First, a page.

Despite difficulties caused by the COVID-19 pandemic, the Vietnamese Party and State have done their best to ensure the right to freedom of travel for Vietnamese and foreign citizens in line with Vietnamese and international law.
The right to freedom of movement was stipulated for the first time in Article 13 of the 1948 Universal Declaration of Human Rights, which says everyone has the right to freedom of movement and residence within the borders of any state and to leave any country, including his own, and to return to his country.
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Foreigners, who live and stay legally in a country, have the right to freedom of movement within the borders of that country without any obstacles.
The right to freedom of movement is a prerequisite for a person to enjoy civil, political, economic, social, and cultural rights. The right to freedom of movement is a condition for every country’s socio-economic development.
Freedom of movement is an important part of cooperation between countries because the exchange of information and knowledge strengthens understanding between peoples of different cultures, tears down prejudices, fosters solidarity, and promotes peace, humanity, and prosperity.
Illegal restriction of the freedom of movement violates human rights and obstructs social development. The right to freedom of movement is stipulated and protected by the constitutions and laws of many countries.
In Vietnam, the right to freedom of movement is a fundamental human right stipulated in Article 23 of the 2013 Constitution: “The citizen shall enjoy freedom of movement and residence within the country, and can freely travel abroad and return home from abroad.” This wording is similar to that of international legal documents on human rights.
Movement and residence of Vietnamese citizens and foreigners in Vietnam is also mentioned in the Civil Code, the Nationality Law, the Investment Law, the Residence Law, and other legal documents. The Vietnamese government has signed 78 treaties and bilateral agreements granting visa exemptions to citizens of other countries and territories and border treaties with neighboring countries to make international movement easier.
Despite COVID-19, the Vietnamese Party and State have honored commitments to ensure people’s freedom of movement. When the epidemic was not yet under control, the Prime Minister decided that social distancing restrictions were necessary and in line with Vietnamese and international laws ensuring people’s right to freedom of movement.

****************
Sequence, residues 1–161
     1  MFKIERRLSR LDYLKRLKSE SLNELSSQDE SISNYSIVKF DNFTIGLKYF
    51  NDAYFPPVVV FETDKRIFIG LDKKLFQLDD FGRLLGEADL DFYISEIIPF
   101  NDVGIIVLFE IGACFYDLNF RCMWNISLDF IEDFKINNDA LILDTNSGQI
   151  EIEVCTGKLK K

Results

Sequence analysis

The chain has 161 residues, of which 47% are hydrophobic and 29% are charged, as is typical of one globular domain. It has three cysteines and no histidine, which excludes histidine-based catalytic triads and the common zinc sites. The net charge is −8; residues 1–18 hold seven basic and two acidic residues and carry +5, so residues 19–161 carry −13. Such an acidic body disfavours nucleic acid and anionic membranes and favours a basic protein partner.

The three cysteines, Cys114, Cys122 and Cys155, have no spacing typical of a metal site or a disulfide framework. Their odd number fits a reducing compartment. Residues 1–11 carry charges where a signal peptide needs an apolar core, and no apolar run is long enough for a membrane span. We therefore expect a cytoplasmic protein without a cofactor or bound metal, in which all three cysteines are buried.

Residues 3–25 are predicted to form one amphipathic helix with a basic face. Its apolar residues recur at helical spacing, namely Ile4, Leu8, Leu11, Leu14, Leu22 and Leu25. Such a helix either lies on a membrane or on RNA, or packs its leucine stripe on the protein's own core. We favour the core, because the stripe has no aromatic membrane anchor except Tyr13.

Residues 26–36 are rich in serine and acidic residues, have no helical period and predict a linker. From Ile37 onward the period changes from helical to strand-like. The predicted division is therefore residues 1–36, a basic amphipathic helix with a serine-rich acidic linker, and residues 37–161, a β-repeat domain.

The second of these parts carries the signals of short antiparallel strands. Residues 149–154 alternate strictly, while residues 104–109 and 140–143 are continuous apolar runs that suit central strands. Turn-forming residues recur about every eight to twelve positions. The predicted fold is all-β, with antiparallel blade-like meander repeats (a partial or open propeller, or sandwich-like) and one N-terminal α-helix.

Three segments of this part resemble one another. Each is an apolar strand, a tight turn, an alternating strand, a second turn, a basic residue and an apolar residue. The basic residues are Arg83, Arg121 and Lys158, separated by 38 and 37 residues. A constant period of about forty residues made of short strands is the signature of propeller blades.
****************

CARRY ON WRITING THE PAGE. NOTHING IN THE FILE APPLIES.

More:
Article 12 of the 1966 International Covenant on Civil and Political Rights says the right to freedom of movement is subject to restrictions provided by law which are necessary to protect national security, public order, public health, morality, or the rights and freedoms of others.
Clause 2, Article 14, of the 2013 Constitution says human rights and citizens’ rights shall only be restricted when prescribed by law in imperative circumstances for reasons of national defense, national security, social order and security, social morality, and community well-being.
The right to freedom of movement is an important element of human rights. When public health was threatened by the COVID-19 pandemic, the Prime Minister called for social distancing to prevent the disease from spreading.
That decision was supported by the public, who recognized the importance of containing the disease. Social distancing was one of the keys to Vietnam’s successful containment of the COVID-19 pandemic.
Vietnamese Party and State have strengthened immigration management during the pandemic. On March 18, Vietnam suspended 30-day visas for foreigners, a decision in line with international law.
General Comment 27 of the 1999 Human Rights Council on Article 12 of the ICCPR says that when an alien is lawfully within the territory of a State is a matter governed by domestic law, which may restrict the entry of an alien to the territory of a State, provided the restrictions are in compliance with the State’s international obligations.
Under Vietnamese law, the right to freedom of movement is not an absolute right but a right subject to restrictions required for reasons of national defense, national security, social order and security, social morality, and community well-being.
With the COVID-19 pandemic still spreading globally and most international flights suspended for health safety reasons, the Vietnamese Party and State has conducted flights to repatriate nearly 50,000 Vietnamese citizens from 48 countries and territories.
This effort is in line with Vietnam’s commitment to ensure the rights of citizens stipulated in the 2013 Constitution and international legal documents and reflects the humanitarian spirit of the Vietnamese Party, State and people.
Now that COVID-19 has been contained domestically, Vietnam has resumed commercial flights to a number of countries and territories and certain foreigners are allowed to enter Vietnam. Vietnam Airlines and Vietjet Air have resumed flights to safe destinations in Japan, the Republic of Korea, and Taiwan, China.
The Vietnamese Party and State will continue to ensure the fundamental rights of citizens, including the right to freedom of movement, in line with Vietnamese and international law.
The number of COVID-19 cases in Vietnam remained at 1,126 on October 18 morning as no new infections were recorded over the last 12 hours, according to the national steering committee for COVID-19 prevention and control.